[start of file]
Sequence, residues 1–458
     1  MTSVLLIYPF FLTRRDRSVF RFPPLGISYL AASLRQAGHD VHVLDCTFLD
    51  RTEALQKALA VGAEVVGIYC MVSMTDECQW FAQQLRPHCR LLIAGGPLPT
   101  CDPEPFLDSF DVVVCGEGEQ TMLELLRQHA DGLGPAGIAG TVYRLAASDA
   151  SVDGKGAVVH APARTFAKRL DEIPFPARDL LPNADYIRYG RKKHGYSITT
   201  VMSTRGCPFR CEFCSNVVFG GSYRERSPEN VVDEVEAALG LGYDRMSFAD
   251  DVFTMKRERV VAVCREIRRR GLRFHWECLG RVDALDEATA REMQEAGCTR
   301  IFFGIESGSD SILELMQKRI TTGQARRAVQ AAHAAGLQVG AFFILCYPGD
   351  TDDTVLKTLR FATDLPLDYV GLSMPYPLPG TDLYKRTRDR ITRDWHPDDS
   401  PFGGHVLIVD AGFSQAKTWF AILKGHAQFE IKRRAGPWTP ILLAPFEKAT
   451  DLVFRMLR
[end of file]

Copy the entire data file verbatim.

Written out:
Sequence, residues 1–458
     1  MTSVLLIYPF FLTRRDRSVF RFPPLGISYL AASLRQAGHD VHVLDCTFLD
    51  RTEALQKALA VGAEVVGIYC MVSMTDECQW FAQQLRPHCR LLIAGGPLPT
   101  CDPEPFLDSF DVVVCGEGEQ TMLELLRQHA DGLGPAGIAG TVYRLAASDA
   151  SVDGKGAVVH APARTFAKRL DEIPFPARDL LPNADYIRYG RKKHGYSITT
   201  VMSTRGCPFR CEFCSNVVFG GSYRERSPEN VVDEVEAALG LGYDRMSFAD
   251  DVFTMKRERV VAVCREIRRR GLRFHWECLG RVDALDEATA REMQEAGCTR
   301  IFFGIESGSD SILELMQKRI TTGQARRAVQ AAHAAGLQVG AFFILCYPGD
   351  TDDTVLKTLR FATDLPLDYV GLSMPYPLPG TDLYKRTRDR ITRDWHPDDS
   401  PFGGHVLIVD AGFSQAKTWF AILKGHAQFE IKRRAGPWTP ILLAPFEKAT
   451  DLVFRMLR